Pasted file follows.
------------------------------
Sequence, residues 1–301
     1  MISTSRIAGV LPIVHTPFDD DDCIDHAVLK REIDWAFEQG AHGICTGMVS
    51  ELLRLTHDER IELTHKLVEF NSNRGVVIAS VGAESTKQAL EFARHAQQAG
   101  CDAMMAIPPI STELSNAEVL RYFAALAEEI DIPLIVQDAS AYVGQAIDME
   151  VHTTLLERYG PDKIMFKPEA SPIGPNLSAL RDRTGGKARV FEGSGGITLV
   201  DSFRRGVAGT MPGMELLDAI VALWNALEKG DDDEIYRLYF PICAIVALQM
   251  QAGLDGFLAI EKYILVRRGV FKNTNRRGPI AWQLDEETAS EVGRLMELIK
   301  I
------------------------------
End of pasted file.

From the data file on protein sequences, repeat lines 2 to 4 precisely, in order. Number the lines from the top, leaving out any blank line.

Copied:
     1  MISTSRIAGV LPIVHTPFDD DDCIDHAVLK REIDWAFEQG AHGICTGMVS
    51  ELLRLTHDER IELTHKLVEF NSNRGVVIAS VGAESTKQAL EFARHAQQAG
   101  CDAMMAIPPI STELSNAEVL RYFAALAEEI DIPLIVQDAS AYVGQAIDME